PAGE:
The MVLA often renewed Johnston’s contract for a shorter time than she requested, and tension is evident in the last four years of their relationship.12 In 1894 Johnston tried to sell her remaining stock of guidebooks, the plates of text and illustrations, and the copyright to the MVLA for $1000.00. She suggested that production and sale of the guidebook could be better managed if it were owned by the MVLA. The MVLA declined because it would be “an unsafe investment and an unadvisable one for the Association.”13 On May 20, 1895, Johnston asked the MVLA to renew her contract until June 1900 and proposed that the MVLA continue to receive twelve percent of the profit.14 The Vice Regents delayed a decision until 1896,15 when it renewed the contract for just two years with the word “exclusive” omitted.16 On May 11, 1898, Johnston again asked the MVLA to renew her contract through June 1900.17 The MVLA sent her the following message: “The contract with Miss Johnston expires in June, 1898, and the Committee has decided not to renew it.”18 It is unclear what prompted the decision, but the subsequent official guidebook was Superintendent Harrison H. Dodge’s work.

Beyond her relationship with Mount Vernon, Johnston was an accomplished journalist, art critic, and historian. Her historicalTitle pages of Original Portraits of Washington (1881), and George Washington Day By Day (1895) works included Original Portraits of Washington (1881) and George Washington, Day by Day (1895). Her time at Mount Vernon in 1876 is said to have inspired her to write Original Portraits of Washington.19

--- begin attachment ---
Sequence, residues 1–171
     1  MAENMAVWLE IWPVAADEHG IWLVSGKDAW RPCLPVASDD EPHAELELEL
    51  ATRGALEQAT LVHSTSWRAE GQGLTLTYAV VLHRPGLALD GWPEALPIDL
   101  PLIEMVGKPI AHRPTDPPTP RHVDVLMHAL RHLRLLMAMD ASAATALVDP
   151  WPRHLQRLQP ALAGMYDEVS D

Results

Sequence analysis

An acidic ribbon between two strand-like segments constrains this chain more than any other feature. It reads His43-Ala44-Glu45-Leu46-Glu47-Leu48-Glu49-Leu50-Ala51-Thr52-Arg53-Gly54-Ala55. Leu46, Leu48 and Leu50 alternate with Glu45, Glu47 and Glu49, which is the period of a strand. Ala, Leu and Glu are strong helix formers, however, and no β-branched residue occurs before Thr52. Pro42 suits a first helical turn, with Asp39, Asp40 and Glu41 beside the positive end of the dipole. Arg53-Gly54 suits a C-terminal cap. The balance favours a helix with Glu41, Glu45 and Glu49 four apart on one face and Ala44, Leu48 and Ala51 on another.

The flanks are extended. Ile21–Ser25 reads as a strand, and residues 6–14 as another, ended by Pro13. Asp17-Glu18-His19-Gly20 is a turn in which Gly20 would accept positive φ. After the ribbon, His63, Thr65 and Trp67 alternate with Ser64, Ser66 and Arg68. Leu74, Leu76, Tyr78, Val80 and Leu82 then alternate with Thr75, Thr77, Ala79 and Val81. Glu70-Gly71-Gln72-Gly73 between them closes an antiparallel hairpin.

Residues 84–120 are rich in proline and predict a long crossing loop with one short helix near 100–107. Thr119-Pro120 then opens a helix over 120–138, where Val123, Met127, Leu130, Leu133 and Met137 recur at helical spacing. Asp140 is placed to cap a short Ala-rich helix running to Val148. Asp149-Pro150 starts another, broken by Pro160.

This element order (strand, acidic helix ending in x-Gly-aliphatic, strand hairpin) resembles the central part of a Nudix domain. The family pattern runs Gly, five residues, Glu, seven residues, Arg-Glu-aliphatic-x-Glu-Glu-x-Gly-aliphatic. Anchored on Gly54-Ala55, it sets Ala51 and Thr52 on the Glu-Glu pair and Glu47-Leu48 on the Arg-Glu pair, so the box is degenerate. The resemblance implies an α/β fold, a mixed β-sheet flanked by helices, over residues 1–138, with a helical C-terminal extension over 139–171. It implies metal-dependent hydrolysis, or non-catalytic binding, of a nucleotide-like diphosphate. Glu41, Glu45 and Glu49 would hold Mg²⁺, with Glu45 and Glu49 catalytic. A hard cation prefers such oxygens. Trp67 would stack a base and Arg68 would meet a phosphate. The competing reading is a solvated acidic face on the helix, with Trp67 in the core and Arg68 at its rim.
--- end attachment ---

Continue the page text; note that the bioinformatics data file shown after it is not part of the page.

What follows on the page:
Possibly her role as the guidebook author gave her credibility as a Washington historian. In 1902 the League for Social Service recognized Johnston as an expert on portraits of Washington, writing that "Miss Johnston’s knowledge and history of the painters to whom Washington absolutely sat for his likeness is now acknowledged authority by historians, litterateurs, and artists and is historically correct. She has written about all that can be said upon the subject."20 

Johnston with the Houdon Bust of Washington, c. 1902. (Photograph from Social Service: A Social and Industrial Betterment Review (Washington, D.C.: League for Social Service, 1902), 7.George Washington, Day by Day, which Johnston dedicated “To the children of my country, the army which Washington said could never be conquered,” was used in public school curricula.21 In 1894 Johnston helped found the Columbia Historical Society (now the Historical Society of Washington, D.C.) and remained on its board until her death.22 Johnston also served as Historian General of the National Society and the Mary Washington Chapter of the Daughters of the American Revolution (DAR), and worked as the Associate Editor of the American Monthly Magazine, published by the DAR.23 As she compiled the earliest editions of the Mount Vernon guidebook, she also compiled Volumes II-VI of the DAR Lineage Book.24